Both inside and outside the South, was the law a cause of the high incidence of homicide, or was it an effect? It was probably more effect than cause, for despite the anti-homicide rigor of its supreme court, on the whole the incidence of killing in Alabama seems to have been no lower than elsewhere in the South. Thus, the conservative Alabama court apparently failed to stem not only the legal trend of the Americanization of the common law of homicide but also the trend of blood-letting in Alabama. In one way this is not surprising, for after all, the great majority of homicide cases never went before the supreme court. Some of the lower court judges,especially LeRoy F. Box of Talladega, 0. J. Semmes of Mobile, and James B. Head of Walker County, seem to have applied the law strictly according to Stone and their other mentors on the highest court, but on the other hand, there is evidence of tension between the restrictive stance of Stone's court and the permissive tendency of community opinion. In one homicide trial a defense counsel had the audacity to declare to the jury that it was "above [the] court and the Supreme Court in [its] right to decide [the] case."' The defense attorney was duly reprimanded from the bench, but the whiff of defiance lingered in the air.Legal rules such as the doctrine of retreat and its obverse, the stand-one's-ground doctrine, are in significant cultural and moral relation to the South's historical national leadership in homicide.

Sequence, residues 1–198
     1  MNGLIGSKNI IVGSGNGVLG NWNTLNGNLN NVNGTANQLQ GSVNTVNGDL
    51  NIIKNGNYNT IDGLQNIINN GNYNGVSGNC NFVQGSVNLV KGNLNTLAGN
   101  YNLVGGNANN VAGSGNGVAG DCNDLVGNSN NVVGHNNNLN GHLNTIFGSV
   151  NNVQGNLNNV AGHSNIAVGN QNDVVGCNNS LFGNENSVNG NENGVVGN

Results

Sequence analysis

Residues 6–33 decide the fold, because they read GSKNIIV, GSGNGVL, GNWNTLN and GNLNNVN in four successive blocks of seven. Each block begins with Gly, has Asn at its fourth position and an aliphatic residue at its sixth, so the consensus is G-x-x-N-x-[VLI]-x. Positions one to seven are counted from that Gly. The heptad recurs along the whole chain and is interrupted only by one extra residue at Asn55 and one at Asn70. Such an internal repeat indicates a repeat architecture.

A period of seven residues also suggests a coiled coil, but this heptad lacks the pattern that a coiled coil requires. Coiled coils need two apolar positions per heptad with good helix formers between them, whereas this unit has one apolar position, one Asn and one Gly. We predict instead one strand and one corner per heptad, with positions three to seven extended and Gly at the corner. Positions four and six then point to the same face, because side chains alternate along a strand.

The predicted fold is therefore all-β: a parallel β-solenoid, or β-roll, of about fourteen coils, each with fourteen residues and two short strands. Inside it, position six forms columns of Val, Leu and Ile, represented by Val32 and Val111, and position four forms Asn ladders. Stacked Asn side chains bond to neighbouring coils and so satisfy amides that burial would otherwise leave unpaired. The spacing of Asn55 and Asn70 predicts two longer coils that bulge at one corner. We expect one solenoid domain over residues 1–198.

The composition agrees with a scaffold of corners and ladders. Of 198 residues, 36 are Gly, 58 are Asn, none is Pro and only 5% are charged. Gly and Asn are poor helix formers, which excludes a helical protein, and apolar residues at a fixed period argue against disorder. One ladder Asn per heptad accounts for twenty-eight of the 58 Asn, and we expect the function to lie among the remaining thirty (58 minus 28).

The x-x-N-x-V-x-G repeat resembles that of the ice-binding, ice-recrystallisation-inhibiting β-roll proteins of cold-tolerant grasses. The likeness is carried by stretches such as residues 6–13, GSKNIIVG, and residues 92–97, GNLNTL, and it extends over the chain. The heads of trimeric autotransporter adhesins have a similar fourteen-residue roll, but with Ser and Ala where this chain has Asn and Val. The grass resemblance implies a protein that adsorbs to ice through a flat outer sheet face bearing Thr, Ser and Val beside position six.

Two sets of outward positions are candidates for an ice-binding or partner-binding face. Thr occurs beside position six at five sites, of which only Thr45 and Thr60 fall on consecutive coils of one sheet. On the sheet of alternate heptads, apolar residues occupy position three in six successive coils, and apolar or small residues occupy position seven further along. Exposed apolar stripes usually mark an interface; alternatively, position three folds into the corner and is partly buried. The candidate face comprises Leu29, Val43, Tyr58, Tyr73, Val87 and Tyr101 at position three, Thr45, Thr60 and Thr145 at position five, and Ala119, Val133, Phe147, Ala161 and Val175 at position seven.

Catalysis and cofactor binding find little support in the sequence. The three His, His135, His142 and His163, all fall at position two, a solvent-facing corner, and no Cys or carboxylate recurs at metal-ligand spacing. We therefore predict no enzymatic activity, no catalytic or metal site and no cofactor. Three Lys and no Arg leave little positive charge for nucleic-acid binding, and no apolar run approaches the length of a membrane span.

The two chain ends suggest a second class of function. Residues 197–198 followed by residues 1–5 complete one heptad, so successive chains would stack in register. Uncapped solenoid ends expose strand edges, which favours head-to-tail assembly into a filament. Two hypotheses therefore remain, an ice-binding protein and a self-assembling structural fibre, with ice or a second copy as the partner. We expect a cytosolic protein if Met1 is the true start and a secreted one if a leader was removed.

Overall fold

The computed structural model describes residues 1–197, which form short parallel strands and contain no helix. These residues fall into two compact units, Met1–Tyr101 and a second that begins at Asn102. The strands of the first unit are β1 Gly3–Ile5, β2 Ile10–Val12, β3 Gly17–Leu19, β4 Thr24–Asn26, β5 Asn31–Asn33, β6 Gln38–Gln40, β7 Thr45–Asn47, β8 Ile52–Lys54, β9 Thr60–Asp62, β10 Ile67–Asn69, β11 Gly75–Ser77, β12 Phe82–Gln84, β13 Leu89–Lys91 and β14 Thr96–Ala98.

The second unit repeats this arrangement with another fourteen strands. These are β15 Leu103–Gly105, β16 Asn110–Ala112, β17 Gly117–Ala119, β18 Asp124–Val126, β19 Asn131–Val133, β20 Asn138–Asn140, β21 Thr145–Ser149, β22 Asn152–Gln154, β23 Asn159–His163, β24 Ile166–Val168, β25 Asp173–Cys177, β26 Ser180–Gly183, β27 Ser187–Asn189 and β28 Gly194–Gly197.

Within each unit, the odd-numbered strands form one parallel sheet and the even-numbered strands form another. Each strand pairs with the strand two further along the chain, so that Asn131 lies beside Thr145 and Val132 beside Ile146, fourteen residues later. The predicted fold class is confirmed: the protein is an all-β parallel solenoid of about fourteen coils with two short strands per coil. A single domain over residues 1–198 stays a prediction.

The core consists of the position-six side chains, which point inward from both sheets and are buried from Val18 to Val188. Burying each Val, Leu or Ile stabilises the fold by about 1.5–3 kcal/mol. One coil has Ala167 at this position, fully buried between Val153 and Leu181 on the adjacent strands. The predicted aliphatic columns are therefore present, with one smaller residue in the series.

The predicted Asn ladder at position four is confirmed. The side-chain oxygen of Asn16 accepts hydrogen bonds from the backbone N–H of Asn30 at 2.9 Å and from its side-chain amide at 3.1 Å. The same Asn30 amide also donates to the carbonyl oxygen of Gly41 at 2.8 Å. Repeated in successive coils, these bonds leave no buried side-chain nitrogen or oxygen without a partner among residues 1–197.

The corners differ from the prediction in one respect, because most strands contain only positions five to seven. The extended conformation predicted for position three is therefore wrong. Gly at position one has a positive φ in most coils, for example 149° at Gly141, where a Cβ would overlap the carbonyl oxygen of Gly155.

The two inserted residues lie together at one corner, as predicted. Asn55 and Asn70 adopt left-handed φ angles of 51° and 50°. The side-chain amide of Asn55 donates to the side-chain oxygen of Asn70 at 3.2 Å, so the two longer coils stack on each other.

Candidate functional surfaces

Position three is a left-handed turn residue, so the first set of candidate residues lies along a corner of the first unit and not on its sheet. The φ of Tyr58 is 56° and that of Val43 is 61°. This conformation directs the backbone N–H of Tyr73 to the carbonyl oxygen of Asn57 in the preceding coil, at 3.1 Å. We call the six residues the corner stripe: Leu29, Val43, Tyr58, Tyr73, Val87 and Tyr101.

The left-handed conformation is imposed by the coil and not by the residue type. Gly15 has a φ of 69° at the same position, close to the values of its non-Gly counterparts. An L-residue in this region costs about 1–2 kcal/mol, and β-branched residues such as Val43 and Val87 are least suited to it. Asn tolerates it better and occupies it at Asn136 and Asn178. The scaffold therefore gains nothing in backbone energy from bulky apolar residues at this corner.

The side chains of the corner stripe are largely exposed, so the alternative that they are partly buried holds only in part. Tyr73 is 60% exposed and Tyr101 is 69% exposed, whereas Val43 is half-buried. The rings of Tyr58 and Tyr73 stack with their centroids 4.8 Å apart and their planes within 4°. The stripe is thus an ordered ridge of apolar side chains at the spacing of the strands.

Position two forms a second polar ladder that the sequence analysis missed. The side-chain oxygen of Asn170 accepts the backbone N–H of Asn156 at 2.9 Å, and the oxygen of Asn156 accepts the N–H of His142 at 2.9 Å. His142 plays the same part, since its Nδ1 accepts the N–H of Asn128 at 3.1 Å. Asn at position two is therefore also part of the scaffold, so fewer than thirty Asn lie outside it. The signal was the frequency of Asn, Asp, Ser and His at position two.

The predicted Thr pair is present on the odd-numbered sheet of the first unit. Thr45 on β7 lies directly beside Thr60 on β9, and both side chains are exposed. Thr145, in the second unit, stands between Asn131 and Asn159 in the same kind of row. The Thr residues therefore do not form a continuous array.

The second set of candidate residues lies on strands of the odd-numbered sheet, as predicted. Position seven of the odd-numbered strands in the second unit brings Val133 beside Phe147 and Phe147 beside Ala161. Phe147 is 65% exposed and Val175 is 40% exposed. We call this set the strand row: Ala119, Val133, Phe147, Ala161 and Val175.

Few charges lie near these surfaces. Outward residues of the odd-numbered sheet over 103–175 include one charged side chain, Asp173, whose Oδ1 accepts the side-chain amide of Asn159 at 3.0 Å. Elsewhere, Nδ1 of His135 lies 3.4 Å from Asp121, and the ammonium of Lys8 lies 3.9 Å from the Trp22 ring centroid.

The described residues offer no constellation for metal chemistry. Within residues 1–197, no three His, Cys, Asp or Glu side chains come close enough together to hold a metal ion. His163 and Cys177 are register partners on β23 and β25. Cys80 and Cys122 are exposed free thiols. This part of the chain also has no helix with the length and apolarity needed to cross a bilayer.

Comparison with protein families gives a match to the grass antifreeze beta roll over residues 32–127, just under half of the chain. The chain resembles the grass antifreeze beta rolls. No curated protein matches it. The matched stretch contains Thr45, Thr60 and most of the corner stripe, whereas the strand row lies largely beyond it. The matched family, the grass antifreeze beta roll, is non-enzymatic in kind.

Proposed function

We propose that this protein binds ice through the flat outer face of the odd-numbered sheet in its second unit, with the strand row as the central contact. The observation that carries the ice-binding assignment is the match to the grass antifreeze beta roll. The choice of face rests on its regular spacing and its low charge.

Richard M. Brown,
Southern Violence-Regional Problem or National Nemesis?: Legal Attitudes Toward Southern Homicide in Historical Perspective,
32 Vanderbilt Law Review
Available at: https://scholarship.law.vanderbilt.edu/vlr/vol32/iss1/4